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The Touro house and its owner.

Some of our older Medford residents will remember the old, comfortable-appearing dwelling on South street, which, perhaps a dozen years since, was demolished to make way for the erection of several apartment houses. It faced the river, sat low on the ground, well back from the street, with ample space about it. The main house was L-shaped; in the internal angle was a large square veranda, its roof supported at the outer corner by a massive round column. A peculiar feature of the house was the circular end toward South street, in which was a chimney and fireplaces. [p. 79]

Aside from that of the elder Magoun, it was the only one in old Medford that had any circular construction. It was never painted in color, always white, and its solid appearance, especially its window frames and cornice, showed it to be the work of old-time mechanics who knew their calling. Its walls were weather-boarded with clapboards, well lapped in width and at ends. These extended around the circle also—another proof of the workmen's skill. This house was, a century ago, the summer home of Abraham Touro, a wealthy Boston merchant, who went out from it one morning but never again came to it because of an accident resulting in his death in Boston on October 20, 1822. We have alluded elsewhere in this issue to a ‘Touro—Lafayette episode,’ and now quote from page 493, Brooks' History of Medford.

1825.—Medford has not been a resort for Jews; but it had one who is remembered with interest, Abraham Touro, eminent for his social and generous qualities. When General Lafayette reached Massachusetts, Mr. Touro offered him his noble horse for his entrance into Boston. On the day of that triumphal entry, Mr. Touro was standing in his chaise to catch his first sight of the illustrious visitor, when a sudden start of his horse threw him from his place and broke his leg. The fracture was a very bad one, and the patient grew worse daily. The physicians and surgeons did all they could, and finally assured him that nothing but amputation could save his life. With a Jew's traditionary prejudice against that operation, he firmly answered thus: ‘No! I will never go into heaven with one leg.’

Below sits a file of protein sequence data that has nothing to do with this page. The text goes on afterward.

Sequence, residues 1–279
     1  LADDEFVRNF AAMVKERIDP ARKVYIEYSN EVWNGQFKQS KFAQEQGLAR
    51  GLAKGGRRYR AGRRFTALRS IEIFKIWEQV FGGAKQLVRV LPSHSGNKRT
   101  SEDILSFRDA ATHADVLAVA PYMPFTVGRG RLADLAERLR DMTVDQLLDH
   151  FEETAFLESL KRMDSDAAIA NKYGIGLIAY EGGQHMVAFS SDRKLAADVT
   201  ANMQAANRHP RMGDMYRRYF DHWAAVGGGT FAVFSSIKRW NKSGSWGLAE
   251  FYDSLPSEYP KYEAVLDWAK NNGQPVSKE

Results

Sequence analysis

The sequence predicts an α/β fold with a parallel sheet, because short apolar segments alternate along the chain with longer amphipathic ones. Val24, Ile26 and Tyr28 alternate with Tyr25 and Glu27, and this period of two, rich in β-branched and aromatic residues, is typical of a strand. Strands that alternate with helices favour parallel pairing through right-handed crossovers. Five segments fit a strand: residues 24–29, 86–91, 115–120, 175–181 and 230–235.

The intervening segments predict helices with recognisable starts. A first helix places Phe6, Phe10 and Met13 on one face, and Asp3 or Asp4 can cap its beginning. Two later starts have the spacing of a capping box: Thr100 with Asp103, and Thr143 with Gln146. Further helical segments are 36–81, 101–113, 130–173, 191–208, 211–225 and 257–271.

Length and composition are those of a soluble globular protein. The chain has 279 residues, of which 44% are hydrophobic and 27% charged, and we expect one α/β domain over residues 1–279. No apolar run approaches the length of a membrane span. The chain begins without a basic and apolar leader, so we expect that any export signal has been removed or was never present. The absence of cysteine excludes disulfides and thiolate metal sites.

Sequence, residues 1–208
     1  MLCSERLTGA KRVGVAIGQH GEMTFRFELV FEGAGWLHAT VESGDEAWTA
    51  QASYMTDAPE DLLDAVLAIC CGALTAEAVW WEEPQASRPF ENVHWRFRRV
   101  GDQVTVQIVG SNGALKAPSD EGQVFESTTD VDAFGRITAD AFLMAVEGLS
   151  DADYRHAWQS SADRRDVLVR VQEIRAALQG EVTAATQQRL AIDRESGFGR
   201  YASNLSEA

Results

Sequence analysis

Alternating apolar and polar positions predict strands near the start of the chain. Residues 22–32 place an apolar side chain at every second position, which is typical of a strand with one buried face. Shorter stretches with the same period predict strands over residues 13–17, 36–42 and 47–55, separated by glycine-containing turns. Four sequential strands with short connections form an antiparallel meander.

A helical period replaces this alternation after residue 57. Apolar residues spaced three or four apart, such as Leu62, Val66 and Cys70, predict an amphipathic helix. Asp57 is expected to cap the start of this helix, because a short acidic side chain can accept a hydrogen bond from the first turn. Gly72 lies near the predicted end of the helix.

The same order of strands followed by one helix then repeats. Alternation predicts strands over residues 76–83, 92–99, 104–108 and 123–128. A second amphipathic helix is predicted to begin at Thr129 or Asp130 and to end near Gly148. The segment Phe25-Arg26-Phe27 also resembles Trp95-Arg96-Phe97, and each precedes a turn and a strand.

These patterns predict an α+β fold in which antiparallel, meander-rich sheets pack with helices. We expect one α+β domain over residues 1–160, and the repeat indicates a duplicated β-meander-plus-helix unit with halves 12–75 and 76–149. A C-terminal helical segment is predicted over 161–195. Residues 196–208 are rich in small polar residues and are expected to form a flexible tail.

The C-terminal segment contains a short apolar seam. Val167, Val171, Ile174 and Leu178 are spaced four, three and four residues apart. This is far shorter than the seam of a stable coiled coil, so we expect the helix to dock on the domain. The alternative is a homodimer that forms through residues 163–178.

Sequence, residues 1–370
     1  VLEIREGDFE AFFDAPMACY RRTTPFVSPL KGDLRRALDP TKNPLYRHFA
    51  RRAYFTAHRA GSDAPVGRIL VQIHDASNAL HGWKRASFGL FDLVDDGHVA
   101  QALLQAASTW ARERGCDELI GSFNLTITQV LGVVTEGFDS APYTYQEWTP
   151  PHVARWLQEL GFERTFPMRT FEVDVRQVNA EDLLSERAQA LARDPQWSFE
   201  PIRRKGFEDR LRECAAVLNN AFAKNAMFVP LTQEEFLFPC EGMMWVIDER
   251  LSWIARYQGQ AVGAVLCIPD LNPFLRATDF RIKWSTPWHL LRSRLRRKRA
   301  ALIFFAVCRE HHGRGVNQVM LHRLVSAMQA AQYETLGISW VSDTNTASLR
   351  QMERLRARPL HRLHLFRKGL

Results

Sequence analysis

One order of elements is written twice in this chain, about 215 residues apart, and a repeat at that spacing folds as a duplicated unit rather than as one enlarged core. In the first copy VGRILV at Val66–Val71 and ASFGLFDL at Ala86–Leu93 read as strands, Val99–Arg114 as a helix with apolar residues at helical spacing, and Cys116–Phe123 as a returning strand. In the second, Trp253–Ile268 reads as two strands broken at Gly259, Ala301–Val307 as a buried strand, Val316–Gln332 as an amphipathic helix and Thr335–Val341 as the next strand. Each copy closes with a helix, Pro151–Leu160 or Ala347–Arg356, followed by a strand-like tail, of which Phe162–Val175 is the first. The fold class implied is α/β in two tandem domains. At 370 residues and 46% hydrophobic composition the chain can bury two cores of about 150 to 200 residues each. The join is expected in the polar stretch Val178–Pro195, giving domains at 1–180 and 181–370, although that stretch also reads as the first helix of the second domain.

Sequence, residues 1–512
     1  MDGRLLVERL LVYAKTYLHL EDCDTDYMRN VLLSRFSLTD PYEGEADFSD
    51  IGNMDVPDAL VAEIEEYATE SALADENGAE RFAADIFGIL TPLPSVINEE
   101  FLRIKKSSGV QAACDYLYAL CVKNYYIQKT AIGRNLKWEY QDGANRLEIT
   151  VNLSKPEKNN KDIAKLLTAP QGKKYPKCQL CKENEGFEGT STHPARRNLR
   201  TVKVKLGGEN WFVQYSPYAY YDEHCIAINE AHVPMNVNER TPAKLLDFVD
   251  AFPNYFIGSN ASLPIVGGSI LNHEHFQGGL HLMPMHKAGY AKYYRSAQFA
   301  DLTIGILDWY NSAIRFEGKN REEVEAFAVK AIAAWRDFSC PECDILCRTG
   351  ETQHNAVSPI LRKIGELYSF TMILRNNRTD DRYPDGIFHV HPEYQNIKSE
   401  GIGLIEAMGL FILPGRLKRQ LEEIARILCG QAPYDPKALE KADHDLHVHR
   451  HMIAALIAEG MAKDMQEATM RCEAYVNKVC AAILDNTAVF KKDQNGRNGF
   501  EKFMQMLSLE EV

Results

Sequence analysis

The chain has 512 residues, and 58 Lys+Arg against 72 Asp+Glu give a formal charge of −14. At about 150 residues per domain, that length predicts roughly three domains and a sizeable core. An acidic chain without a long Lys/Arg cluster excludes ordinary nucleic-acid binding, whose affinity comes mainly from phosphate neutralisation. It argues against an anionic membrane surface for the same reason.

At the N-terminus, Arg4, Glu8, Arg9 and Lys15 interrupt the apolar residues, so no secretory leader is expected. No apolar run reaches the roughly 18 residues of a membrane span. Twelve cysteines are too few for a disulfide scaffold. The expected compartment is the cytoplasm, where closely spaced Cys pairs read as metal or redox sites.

Mr. Brooks made brief mention of his wealth and legacies. We can but wonder what he would think could he read the Medford tax-list today; and also as to his source of information relative to Lafayette, whose first return to this country was in the fall of 1824, two years after Mr. Touro's death.

From the Independent Chronicle and Patriot of Wednesday, October 25, 1822, we quote the following, which may be regarded as authentic:

Died. On Friday afternoon, Abraham Touro, Esq., merchant, [p. 80] aged, abt. 46. While viewing the military parade on the 3d inst. in a chaise, his horse was frightened by the fire of the artillery, and became unmanageable, and Mr. T. in leaping from the chaise fractured his leg so seriously, that notwithstanding the best surgical assistance, a mortification ensued and terminated his life. We learn that among other legacies, he has bequeathed 10,000 dollars to the General Hospital and 15,000 to the synagogue at Newport, at which place his body will be interred.

So it appears that his offer of ‘his noble horse’ to Lafayette for a triumphant entry into Boston (which has been accepted as veritable history since 1855), vanishes; and must be added to the catalogue of ‘Medford Myths.’

But how came this accident to happen? We will summon a former Medford man, Caleb Swan. His testimony is not a deposition under oath to be filed in court, but is, however, in writing and interleaved in his copy of Mr. Brooks' history at page 493, on which page is written 1824 beside the printed 1825. Mr. Swan evidently observed the dissimilarity in date, but makes no note of the error as to Lafayette.